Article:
If you are working towards moving the 'supercar' benchmark towards fuel efficiency, #of laps or distance travelled over 24-hours, the RX-8, Z06, 911, GT-R would all lose to an MB 320 CDI.

    This isn't exactly the test for supercars. If this type of test is what impresses you most, why bother comparing cars that were designed for cornering and acceleration?
  • kernickkernick Posts: 4,072
    They do these as bench-tests to determine reliability. There really is no point to doing it on a track with a fully manufactured car, because you will be removing that engine for an overhaul afterwards.

    The point that manufacturers have historically made by taking their vehicles and running them for 24+ hr at high speed (relative to their capabilities) is to prove that the design of the engine, drivetrain, and associated systems are of a high quality. If an engine is built for 400hp, can it maintain operation near that or is that simply a peak, and you better drop the power after 30 min, or as you say it will "grenade".

    And while you can't think of a reason to do it in an actual vehicle instead of a bench-top, I'm sure the engineers would like to see if the air entering the car at 150+mph is adequate for cooling, do the oil and trans. fluids overheat, ...

    If you have a 500W stereo in your car and you want to play it at maximum volume you should expect it to function fine year after year, not catch fire after 30 min! ;)

    My expectations are that large displacement engines as in the Vette, Viper, AMG's, Lambos, ... will run just fine long-term at 150+mph. They are not pulling that many rpm's. As displacement goes down and turbos and superchargers are added to a vehicle, I become more suspisicious of whether they can maintain their peak power levels. I think it was fitting for Saab and Mazda to prove their cars could run near peak power hr after hr. That is a good indicator of a quality design.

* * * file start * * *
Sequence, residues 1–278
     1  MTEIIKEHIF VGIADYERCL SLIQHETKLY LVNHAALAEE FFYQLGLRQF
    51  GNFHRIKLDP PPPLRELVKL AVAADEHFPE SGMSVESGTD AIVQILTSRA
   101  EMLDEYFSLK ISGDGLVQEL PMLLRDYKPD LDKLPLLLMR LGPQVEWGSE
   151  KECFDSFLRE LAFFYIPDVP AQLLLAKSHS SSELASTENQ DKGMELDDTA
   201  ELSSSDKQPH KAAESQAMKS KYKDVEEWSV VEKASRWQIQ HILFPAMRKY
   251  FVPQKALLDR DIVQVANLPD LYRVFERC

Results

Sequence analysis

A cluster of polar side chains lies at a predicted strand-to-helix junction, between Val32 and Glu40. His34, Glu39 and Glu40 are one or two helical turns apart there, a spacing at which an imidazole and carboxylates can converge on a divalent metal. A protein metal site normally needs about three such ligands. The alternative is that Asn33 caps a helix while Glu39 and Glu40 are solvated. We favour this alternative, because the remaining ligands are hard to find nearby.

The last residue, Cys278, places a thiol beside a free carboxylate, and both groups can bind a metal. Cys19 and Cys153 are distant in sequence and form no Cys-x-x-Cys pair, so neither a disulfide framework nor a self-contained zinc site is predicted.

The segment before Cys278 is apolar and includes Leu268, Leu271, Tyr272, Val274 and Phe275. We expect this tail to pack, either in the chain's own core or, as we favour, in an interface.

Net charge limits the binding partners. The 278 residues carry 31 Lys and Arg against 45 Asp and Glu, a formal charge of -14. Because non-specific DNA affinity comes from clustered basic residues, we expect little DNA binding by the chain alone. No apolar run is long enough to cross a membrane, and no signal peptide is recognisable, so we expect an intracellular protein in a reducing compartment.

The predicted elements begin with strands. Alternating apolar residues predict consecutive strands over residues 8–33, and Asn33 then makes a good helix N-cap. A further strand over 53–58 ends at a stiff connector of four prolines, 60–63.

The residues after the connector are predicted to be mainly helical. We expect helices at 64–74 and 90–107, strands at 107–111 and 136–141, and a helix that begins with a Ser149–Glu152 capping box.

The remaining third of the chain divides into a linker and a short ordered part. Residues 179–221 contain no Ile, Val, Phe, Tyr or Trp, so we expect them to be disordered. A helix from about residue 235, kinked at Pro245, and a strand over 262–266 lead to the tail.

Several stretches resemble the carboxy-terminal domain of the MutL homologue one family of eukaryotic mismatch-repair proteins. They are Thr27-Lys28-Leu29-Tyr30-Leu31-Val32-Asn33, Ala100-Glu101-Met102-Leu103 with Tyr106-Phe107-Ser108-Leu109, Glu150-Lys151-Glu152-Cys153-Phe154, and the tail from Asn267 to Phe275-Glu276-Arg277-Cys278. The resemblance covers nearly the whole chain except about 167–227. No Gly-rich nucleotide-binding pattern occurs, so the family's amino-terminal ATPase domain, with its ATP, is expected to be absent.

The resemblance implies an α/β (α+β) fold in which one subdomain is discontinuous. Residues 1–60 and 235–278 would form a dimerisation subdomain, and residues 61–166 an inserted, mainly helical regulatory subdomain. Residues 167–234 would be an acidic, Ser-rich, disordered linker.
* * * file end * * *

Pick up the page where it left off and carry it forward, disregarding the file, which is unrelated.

• The point that manufacturers have historically made by taking their vehicles and running them for 24+ hr at high speed (relative to their capabilities) is to prove that the design of the engine, drivetrain, and associated systems are of a high quality.

    You realize what sized engine the Mazda has right? It's a 1.3 liter. Yes, reliability is great. They should test and prove it for all vehicles. But it is not proportional to cylinder displacement at any speed. The cars you have selected have absolutely no inherent advantage based on the number of cylinders.

    At this point it very much sounds like a tail-wagging-the-dog argument. You want to find some reason to judge smaller, turbocharged engines as inferior, but you are guessing as to how that would occur.

    But your idea of a long-term reliability test isn't bad for any company to try, as long as its is not for the purpose of racing.
  • kernickkernick Posts: 4,072
    But your idea of a long-term reliability test isn't bad for any company to try, as long as its is not for the purpose of racing.

    I think we agree on that. As far as engine size goes, I'm not saying small and forced induction engines can't endure if designed properly. I think they have a higher burden of proof though, as they are stressed more, typically running higher rpm, and turbos that are heating the oil that much more.

    If you want to put it in terms of athletics, I think there is a lot to be said for judging a vehicle as a decathlete, and not just judge who's best in a sprint or in the hurdles.
  • I was thinking more in terms of the glory days of piston-powered aircraft. In WWII, every fighter engine had a turbo/supercharger installed to run at max rpms indefinitely. The high-speed, high-altitude interceptors and heavy-laden bombers all had twin-stage turbo/superchargers. Whether it was radial or V-12, air or liquid cooled, reliability more came down to who was manufacturing it.

    And with these cars, I think any problems would result from not enough troubleshooting. Basically any engine configuration can be tailored to a certain type of race with enough quality control.
  • lemmerlemmer Posts: 2,687
    From noted automotive historian Karl Ludvigsen about the rotary: